Meeting new people is the best thing ever (inspired by YYGS [Google it])

I’m not one for favourites (Yes Americans, it’s a ‘u’. I’m not writing the SATs for a few months, I’m not bound to your rules) and so I’m not one to say a particular experience has been the “best of my life”, but the past two weeks have been wonderful. I should provide useful context for the people I don’t constantly text with the details of my life. I spent the last two weeks at Jonathan Edwards College at the Yale University participating in the Yale Young Global Scholars Program (YYGS, yes, I know you didn’t Google it). I would never forget these past two weeks and the people I met here.

This brings me to my topic of the day 

“Meeting new people is the best thing ever”

Meeting new people excites me, especially when it’s people from across the world. You find like-minded people and you are satisfied because with a sigh of relief, you think to yourself, “Finally, someone who understands it the way I do.” And it could be on so many topics. Someone from Argentina could agree with your stance on gun control rights but disagree with you on abortion, but the Mexican kid gets it.

And the arguments. Oh my goodness, the arguments. This is a very biased statement. As someone who loooooooves to argue, I am very much pro-arguing. Unless the person isn’t making sense. Then they need to stop. You can’t make up facts, or not acknowledge truth (*cough* Abishek *cough*). Arguing with new people is a great way to start friendships. Unless the argument gets too heated. Then you’re probably not going to be friends with the person.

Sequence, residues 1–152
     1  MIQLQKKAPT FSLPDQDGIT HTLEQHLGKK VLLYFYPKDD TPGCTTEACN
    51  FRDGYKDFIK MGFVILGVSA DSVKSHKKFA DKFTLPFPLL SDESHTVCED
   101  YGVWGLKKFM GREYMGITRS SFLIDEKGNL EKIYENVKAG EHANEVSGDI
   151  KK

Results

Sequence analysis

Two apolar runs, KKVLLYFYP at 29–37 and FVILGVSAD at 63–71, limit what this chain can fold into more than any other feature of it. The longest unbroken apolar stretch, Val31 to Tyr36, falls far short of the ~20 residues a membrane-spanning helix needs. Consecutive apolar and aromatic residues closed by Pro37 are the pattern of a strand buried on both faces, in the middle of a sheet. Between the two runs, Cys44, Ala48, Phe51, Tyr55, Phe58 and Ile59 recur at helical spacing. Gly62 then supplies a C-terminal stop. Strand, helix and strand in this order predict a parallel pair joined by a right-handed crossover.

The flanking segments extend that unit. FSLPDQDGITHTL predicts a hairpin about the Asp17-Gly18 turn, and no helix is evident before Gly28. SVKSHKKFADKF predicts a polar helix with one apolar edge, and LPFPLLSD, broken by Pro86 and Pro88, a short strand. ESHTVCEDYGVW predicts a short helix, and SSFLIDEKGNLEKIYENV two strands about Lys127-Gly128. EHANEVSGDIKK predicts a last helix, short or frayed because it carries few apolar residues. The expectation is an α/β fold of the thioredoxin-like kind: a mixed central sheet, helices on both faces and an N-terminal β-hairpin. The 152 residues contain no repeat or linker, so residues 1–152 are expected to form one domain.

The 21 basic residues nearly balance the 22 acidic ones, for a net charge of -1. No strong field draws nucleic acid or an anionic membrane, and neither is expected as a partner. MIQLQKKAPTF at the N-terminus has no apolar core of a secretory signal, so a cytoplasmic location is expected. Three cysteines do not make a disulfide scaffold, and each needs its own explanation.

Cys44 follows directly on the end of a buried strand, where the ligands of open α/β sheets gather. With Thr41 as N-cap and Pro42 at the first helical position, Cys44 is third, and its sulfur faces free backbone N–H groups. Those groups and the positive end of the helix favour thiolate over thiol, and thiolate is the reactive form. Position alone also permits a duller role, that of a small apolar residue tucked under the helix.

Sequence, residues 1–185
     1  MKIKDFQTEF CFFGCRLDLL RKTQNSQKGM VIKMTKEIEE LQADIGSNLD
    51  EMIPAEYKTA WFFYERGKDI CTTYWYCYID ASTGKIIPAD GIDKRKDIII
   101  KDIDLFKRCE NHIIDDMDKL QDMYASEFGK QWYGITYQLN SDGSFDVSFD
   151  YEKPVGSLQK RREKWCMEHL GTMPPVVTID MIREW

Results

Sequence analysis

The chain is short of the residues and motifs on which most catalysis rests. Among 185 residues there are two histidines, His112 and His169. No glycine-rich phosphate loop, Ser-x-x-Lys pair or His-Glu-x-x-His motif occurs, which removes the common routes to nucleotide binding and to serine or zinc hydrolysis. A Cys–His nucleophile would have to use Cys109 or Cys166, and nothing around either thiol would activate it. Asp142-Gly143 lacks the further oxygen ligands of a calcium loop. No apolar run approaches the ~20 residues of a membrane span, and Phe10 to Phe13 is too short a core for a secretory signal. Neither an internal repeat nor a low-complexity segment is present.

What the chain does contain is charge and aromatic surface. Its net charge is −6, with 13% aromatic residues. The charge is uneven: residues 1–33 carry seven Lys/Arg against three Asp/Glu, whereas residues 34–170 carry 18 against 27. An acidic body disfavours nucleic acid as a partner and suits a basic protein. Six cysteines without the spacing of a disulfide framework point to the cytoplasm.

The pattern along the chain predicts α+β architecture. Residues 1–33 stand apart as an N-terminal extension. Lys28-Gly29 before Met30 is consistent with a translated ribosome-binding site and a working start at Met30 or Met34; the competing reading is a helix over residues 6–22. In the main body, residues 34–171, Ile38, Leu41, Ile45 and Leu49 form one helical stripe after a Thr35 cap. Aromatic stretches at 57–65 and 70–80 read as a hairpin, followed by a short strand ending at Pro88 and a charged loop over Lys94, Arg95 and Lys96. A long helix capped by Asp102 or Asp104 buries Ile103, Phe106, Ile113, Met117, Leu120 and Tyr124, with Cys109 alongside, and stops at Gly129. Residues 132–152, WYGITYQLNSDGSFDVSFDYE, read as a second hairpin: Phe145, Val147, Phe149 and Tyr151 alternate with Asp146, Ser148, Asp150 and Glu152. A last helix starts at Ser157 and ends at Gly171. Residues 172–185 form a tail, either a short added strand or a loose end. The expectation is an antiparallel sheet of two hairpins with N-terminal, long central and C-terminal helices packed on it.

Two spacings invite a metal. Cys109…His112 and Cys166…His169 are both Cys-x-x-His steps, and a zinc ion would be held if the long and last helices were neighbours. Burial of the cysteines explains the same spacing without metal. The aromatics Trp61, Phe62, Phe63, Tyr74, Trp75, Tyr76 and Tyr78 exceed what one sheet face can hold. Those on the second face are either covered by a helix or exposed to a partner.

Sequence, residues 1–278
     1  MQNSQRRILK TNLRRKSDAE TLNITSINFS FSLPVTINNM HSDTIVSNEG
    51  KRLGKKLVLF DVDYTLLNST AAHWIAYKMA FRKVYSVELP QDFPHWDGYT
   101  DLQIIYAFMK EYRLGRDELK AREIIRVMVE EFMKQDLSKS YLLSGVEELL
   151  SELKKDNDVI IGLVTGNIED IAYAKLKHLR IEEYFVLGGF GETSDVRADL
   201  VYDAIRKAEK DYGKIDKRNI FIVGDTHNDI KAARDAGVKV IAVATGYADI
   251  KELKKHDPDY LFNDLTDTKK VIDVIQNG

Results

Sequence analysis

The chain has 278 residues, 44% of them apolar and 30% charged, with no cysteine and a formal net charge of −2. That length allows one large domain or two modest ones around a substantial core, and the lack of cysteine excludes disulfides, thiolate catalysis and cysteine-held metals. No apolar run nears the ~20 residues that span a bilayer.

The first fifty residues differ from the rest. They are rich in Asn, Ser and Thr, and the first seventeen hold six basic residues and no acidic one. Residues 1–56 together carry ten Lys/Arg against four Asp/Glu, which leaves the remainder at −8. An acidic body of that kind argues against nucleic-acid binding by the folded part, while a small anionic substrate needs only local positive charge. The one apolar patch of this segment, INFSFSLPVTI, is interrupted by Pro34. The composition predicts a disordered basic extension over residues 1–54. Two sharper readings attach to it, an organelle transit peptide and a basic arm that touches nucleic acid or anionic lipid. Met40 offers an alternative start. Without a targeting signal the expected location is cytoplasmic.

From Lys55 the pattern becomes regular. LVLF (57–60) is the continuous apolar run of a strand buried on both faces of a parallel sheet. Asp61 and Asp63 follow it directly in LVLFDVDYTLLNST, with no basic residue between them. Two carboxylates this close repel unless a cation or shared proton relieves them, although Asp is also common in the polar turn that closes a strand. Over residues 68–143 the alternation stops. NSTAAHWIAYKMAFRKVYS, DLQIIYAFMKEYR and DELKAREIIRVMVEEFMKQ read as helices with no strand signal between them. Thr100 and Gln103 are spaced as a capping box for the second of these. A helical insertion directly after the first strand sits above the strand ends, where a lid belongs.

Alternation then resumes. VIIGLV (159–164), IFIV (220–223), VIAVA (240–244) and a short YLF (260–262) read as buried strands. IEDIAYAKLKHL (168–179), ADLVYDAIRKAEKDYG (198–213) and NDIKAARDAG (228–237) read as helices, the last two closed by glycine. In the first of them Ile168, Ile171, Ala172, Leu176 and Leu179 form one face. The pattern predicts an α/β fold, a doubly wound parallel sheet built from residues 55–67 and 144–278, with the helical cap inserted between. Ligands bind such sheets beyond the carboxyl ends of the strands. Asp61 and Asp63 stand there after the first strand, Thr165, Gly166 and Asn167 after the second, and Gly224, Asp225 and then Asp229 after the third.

Here’s a list of argument topics I’ll suggest for occasions where you are meeting someone for the first time:

  • How bad was the old Spiderman movie series?
  • Does Tobey Maguire suck badly, or really badly?
  • The role of the Internet in society today

or anything in that vein.

Here are things you never argue with someone after meeting them for the first time:

  • LGBT rights
  • Abortion
  • Religion
  • Gun rights
  • Israel and Palestine

No matter what your stance is on those topics, NEVER discuss these things with people you just met for the first time (and sometimes people you’ve known for a while too).

So that’s arguments. Also, meeting new people is incredible because of the bonds formed. After just two weeks, the bonds and relationships I made at Yale are incredibly strong. People you didn’t know a few weeks ago start making you wonder how you’ll cope without them. It’s tough to deal with. You have to start relying on social media to keep in touch. But when you know those friendships you made are for real, it’s all worth it.

(To my YYGS people) I’ll miss you all, and I’ll keep all the memories. (Seriously, I’m laughing at some of them as I write this. Who remembers the day James decided we dress up all formal and try to get Insomnia cookies?)

Till we meet again (because I’m not done with you lot. Not even close. You thought you got rid of me? When you get up on stage to do anything, I’ll be there standing up clapping.)

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more and more ramblings

Dear imaginary readers (I like to believe you’re real, but then I don’t know for sure)

I apologize for waiting as long as I did to post. I just got caught up with life, exams, graduation, people and all of that stuff. So sorry.